couple intimate in bed.jpg


Intimacy is characterized by 5 key components: emotional, physical, spiritual, intellectual, and sexual. The theory goes, if you can attend to the first four elements of the relationship, then issues with sexual intimacy and desire will be inherently repaired. While that is often true, it may not be enough to address what can be at the heart of the couple's disconnection.

Sadly, too many couples leave counseling without ever discussing sexual intimacy, even though it plays a central role in perpetuating their disconnection. This is in part due to some of the shame and taboos around discussing sex and intimacy, but also because too many couples therapists do not have the proper training to address and provide sex therapy.


In fact, my training enables me to make a thorough assessment with each partner to help identify what is getting in the way of being more satisfied with your sex-life and create an action-plan to help you get there. Some issues are physical, others sexual, or relational. Desire resides in the intersection of all three. Through safe and open conversations, we will identify where, specifically, the intimate disconnection is happening for each of you and the solutions that can help you get through those stuck places.

Whether your difficulties are about desire, arousal, performance, or general satisfaction, the good news is, frequently, certain sexual discrepancy issues can be resolved in a handful of sessions. I will provide you with solutions you need to experience fulfilling intimacy at all levels.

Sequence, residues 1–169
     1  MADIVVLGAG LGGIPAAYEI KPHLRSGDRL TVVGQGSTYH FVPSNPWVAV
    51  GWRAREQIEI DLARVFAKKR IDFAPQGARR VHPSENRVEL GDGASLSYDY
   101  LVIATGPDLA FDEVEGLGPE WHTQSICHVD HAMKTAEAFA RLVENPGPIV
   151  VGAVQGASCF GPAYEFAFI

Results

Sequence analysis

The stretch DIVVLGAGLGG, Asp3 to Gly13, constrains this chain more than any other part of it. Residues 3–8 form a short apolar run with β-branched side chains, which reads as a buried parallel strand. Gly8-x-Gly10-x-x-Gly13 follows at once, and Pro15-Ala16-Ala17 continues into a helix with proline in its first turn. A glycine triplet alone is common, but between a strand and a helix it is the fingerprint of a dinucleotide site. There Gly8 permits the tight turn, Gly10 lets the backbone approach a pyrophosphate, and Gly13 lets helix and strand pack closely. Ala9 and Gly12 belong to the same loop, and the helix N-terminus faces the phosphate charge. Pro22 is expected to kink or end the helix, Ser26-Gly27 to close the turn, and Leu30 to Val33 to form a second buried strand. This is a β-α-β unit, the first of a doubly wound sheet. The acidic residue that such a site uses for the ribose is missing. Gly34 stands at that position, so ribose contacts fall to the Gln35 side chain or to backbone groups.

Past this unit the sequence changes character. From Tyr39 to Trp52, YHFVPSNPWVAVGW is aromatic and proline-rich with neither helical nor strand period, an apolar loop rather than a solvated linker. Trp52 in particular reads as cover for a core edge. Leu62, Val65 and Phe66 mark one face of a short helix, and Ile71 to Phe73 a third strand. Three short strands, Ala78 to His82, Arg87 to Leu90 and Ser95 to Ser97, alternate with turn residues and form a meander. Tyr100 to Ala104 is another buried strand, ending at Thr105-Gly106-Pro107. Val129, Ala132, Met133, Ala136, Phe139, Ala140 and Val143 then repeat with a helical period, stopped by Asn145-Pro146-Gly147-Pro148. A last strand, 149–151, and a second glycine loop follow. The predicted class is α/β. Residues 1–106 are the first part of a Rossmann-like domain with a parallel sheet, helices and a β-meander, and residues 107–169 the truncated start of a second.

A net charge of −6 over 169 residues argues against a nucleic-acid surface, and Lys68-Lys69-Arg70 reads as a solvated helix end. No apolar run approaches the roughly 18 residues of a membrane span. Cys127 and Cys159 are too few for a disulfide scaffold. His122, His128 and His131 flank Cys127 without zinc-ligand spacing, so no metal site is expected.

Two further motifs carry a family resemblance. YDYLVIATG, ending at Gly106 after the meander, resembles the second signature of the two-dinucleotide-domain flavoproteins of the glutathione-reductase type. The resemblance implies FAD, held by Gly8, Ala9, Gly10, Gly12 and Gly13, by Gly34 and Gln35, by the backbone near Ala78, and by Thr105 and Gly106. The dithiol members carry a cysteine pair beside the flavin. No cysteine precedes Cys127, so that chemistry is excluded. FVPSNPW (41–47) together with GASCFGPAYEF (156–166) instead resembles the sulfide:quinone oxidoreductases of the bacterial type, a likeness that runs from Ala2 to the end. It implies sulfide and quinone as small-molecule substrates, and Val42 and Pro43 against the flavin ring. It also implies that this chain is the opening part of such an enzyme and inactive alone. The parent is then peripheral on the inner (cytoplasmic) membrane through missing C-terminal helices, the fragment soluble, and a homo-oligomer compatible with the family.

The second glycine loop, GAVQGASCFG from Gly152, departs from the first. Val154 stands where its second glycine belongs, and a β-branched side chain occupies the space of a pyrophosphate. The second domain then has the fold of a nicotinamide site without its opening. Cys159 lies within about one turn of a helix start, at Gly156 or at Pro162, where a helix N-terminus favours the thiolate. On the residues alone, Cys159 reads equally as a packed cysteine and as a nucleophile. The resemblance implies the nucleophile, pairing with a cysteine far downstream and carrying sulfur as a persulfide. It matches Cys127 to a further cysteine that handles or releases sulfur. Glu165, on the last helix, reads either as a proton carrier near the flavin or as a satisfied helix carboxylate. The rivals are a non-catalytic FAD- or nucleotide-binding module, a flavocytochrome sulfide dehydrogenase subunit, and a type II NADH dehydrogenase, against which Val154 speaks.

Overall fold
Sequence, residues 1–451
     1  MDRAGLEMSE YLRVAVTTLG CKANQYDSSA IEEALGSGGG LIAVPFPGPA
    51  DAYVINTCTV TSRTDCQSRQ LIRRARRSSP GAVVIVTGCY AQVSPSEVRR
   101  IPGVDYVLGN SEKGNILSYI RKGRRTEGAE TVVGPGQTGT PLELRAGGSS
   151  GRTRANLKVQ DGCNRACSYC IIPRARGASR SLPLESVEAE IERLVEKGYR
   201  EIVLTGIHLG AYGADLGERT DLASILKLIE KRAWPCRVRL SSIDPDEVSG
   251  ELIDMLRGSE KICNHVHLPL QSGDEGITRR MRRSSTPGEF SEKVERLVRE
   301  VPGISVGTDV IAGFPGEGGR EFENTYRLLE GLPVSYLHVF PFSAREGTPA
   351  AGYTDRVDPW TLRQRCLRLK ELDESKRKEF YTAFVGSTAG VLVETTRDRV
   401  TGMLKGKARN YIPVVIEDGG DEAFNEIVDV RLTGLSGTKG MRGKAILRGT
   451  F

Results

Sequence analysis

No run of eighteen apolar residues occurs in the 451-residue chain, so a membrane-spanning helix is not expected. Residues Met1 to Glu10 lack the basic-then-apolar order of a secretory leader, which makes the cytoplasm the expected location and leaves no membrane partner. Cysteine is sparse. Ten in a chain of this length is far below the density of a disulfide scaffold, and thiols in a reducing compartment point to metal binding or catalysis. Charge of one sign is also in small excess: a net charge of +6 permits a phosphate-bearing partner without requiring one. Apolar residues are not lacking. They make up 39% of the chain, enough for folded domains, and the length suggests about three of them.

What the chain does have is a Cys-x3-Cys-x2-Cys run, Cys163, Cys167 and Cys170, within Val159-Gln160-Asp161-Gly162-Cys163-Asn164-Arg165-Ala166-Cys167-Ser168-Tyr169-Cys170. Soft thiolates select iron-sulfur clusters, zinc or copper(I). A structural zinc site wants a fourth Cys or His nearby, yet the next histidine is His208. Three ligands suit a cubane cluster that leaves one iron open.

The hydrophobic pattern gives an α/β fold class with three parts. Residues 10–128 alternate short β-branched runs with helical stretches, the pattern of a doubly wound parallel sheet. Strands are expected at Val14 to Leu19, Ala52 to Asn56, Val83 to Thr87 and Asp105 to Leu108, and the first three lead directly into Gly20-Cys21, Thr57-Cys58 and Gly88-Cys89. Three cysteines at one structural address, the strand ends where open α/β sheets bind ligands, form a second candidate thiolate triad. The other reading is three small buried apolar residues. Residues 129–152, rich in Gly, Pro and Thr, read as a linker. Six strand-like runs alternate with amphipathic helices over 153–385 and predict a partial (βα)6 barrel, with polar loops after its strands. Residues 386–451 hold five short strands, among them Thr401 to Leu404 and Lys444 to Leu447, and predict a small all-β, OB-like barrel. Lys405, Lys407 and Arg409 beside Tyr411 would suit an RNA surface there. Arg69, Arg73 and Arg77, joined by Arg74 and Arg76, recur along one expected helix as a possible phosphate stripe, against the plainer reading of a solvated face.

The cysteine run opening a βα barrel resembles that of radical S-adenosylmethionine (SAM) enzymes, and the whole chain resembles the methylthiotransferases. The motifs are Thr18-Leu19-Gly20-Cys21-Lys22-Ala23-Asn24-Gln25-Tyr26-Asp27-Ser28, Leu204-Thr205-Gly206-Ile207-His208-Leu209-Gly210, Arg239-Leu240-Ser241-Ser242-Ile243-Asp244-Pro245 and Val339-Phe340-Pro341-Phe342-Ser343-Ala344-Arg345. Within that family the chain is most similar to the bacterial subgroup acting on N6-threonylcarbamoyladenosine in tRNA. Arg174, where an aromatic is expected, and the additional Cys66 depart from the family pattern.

• “Does sex therapy entail touching and exercises in session?”

No! Sex therapy is a non-touch, clothes-on, talk-therapy approach. I will provide you with a safe and open venue to talk about what’s not working for each of you. A lot of what we will discuss will focus on providing you with accurate information about sex, sexuality, and broaden your repertoire around sexual intimacy. And yes, there will be exercises that you will explore in the privacy of your own home.

  • Do I have to discuss my issues with my partner present?”

Not necessarily. However, my focus is on providing sex therapy in the context of couples dynamics. So while you can feel free to begin conversations with me about sexual challenges you’re having during your individual sessions, the objective is to explore and resolve the sexual disconnect with your partner. ***Please note, I am not an AASECT sex therapist and do not work with certain sexual dysfunctions.***


You can bring the spark back into your relationship:

When it comes to sexual intimacy and disconnection, knowing what will get you in touch with your own desires, pleasures, and satisfaction is paramount to rekindling your love life. Whether the issues stand on their own or part of the broader picture of your relationship cycle, we can work together to get you both on the same page. 

*** To find out more, I invite you to book a FREE consultation with me. I offer in-person psychotherapy in Westport, CT (Fairfield County) and online counseling throughout Connecticut and New York ***

Sex is emotion in motion.
— Mae West

Recent Blog Posts on Sex Therapy: